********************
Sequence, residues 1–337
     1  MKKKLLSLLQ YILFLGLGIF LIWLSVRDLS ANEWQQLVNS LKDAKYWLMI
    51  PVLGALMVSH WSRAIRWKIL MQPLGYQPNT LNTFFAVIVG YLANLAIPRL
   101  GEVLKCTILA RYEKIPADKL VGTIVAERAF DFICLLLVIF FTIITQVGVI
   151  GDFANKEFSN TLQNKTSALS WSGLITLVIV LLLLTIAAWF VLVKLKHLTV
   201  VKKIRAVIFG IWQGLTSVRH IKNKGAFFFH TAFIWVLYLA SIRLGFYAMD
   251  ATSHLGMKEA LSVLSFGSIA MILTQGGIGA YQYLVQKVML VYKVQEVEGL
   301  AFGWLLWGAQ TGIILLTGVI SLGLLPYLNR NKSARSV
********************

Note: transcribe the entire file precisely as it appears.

Sequence, residues 1–337
     1  MKKKLLSLLQ YILFLGLGIF LIWLSVRDLS ANEWQQLVNS LKDAKYWLMI
    51  PVLGALMVSH WSRAIRWKIL MQPLGYQPNT LNTFFAVIVG YLANLAIPRL
   101  GEVLKCTILA RYEKIPADKL VGTIVAERAF DFICLLLVIF FTIITQVGVI
   151  GDFANKEFSN TLQNKTSALS WSGLITLVIV LLLLTIAAWF VLVKLKHLTV
   201  VKKIRAVIFG IWQGLTSVRH IKNKGAFFFH TAFIWVLYLA SIRLGFYAMD
   251  ATSHLGMKEA LSVLSFGSIA MILTQGGIGA YQYLVQKVML VYKVQEVEGL
   301  AFGWLLWGAQ TGIILLTGVI SLGLLPYLNR NKSARSV